What is Epistrophe? (Transcript)
By Ray Malewitz
On November 19, 1863, President Abraham Lincoln concluded his Gettysburg Address by resolving that “a government of the people, for the people, [and] by the people, shall not perish from this earth.”
128 years later, the singer Kurt Cobain would use the same rhetorical device in the famous Nirvana song “Lithium.” As he struggles with depression in the wake of his girlfriend’s death, Cobain’s speaker sings “I like it, I'm not gonna crack / I miss you, I'm not gonna crack / I love you, I'm not gonna crack / I killed you, I'm not gonna crack.”
The repetition of words in Lincoln’s address and Cobain’s song are examples of a literary device called “epistrophe.” Derived from the ancient Greek word meaning “turning back upon,” epistrophe is the repetition of phrases or words in a set of clauses, sentences, or poetic lines.
In contrast to the related term anaphora, epistrophe (or epiphora, as it is sometimes called) occurs at the end (rather than the beginning) of these lines or phrases. While this distinction may seem minor, the Greek philosopher Plato builds this end positioning into his theory of the self, which he also calls epistrophe. As you may recall from Plato’s famous allegory of the cave, people seeking enlightenment must turn away from the world outside ourselves. In leaving that false world behind, we “turn back to” our independent, logical selves to find truth.
Epistrophe is thus as much a philosophy as it is a rhetorical or literary device. Artists probably do not have this origin in mind when they use epistrophe, but—and here’s where things gets strange--the effect of epistrophe in a song or a speech is often surprisingly similar to what Plato has in mind in his philosophy. In Lincoln’s speech, for example, the President asks Americans to believe that the terrible losses of the American Civil War will give way to a renewed democratic union (of the people, for the people, by the people). In a similar way, in Cobain’s song, the speaker remembers the loss of his lover when he sings “I love you” but resolves that he will not give way to despair (“I’m not gonna crack”).
Robert Burns’ 1795 poem “A Man’s a Man for A’ That” offers one final example of epistrophe that matches this earlier model. Within the poem, which is written in Scottish dialect, the poet’s repetitive, epistrophic phrases “an a’ that” and “for a’ that” initially emphasize the false world of wealth and power that must be turned away from in favor of Enlightenment ideals.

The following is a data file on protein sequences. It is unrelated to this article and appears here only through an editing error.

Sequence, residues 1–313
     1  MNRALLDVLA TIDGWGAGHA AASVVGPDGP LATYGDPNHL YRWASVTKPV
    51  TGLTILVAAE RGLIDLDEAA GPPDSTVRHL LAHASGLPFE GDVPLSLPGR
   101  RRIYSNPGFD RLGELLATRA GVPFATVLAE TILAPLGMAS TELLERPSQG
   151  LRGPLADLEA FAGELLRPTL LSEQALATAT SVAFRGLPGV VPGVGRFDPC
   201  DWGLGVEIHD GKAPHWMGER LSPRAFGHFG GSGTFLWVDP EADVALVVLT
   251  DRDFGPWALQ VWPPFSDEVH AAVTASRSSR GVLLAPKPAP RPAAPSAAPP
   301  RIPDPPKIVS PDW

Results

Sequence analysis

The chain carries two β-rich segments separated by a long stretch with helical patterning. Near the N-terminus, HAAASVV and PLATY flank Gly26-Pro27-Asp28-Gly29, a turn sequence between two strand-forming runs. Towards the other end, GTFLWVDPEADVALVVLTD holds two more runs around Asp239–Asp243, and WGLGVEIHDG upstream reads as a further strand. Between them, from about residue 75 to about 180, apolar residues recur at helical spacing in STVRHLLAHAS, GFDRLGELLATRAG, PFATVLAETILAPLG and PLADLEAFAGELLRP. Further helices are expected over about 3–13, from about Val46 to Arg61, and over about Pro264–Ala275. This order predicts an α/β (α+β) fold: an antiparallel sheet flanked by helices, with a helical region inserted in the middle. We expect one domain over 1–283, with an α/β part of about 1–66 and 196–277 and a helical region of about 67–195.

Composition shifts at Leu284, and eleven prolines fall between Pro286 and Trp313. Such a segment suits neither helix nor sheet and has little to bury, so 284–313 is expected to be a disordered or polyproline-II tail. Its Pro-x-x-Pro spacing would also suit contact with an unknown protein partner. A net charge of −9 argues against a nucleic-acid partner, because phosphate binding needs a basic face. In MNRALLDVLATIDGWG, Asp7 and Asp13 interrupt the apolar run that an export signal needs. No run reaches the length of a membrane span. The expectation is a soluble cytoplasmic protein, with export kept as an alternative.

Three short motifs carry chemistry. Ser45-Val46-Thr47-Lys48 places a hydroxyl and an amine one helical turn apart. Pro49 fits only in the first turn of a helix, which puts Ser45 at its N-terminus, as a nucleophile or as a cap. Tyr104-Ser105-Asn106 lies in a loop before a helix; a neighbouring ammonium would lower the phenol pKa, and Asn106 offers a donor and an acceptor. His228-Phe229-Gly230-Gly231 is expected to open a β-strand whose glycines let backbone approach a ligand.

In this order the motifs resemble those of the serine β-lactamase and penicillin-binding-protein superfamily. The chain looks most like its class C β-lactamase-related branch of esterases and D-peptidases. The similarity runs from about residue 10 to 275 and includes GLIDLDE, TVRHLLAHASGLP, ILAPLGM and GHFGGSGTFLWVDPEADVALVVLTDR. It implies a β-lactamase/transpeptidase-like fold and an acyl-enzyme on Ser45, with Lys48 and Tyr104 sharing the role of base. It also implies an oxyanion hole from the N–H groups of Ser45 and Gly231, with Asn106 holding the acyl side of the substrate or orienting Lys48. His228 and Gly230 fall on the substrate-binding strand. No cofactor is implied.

This idea is on full display in the third stanza of the poem, in which the speaker observes a wealthy aristocrat (what he calls a birkie or a coof) who fancies himself superior to his fellow Scotsmen. Burns employs the literary device “epistrophe” here to enact the “turning away” from such sentiments:
Ye see yon birkie, ca'd a lord,
Wha struts, an' stares, an' a' that;
Tho' hundreds worship at his word,
He's but a coof for a' that:
For a' that, an' a' that,
His ribband, star, an' a' that:
The man o' independent mind
He looks an' laughs at a' that.
As Plato predicts, this turning away from the false and empty values of the outer world leads the speaker to turn inward to discover an enlightened self. In the process, the initial meaning of “a’ that” begins to change to Burns’ vision of a rational, democratic society in the final epistrophic stanza:
Then let us pray that come it may,
(As come it will for a' that,)
That Sense and Worth, o'er a' the earth,
Shall bear the gree, an' a' that.
For a' that, an' a' that,
It's comin' yet for a' that,
That Man to Man, the world o'er,
Shall brothers be for a' that.
Like Lincoln’s celebration of the people and Cobain’s refusal to crack, Burns’ “an’ a’ that” therefore comes to symbolize the value that each speaker invests in themselves and their communities. Their shared use of epistrophe reinforces this idea, lending rhetorical weight to each speaker’s vision for a future world beyond their troubled present.
So what should you, as a reader, do, when you encounter the literary device epistrophe as you listen to your favorite songs or read a new poem? While epistrophe will not always match the ideas outlined in this video, it is important to think about is what is being emphasized through epistrophic repetition—what contrasts a repeated phrase establishes in the poem or song, and what themes or ideas are being celebrated. Doing so will enable you to not only identify this important literary device but also to interpret its meaning in the literature and music you love.
Further Resources for Teachers
Popular music of the present offers countless examples of epistrophe that students might interpret through this Platonic model. In addition, as mentioned in the video, Barack Obama's 2008 "Yes We Can" speech may be suitable for analysis of epistrophe and its effects.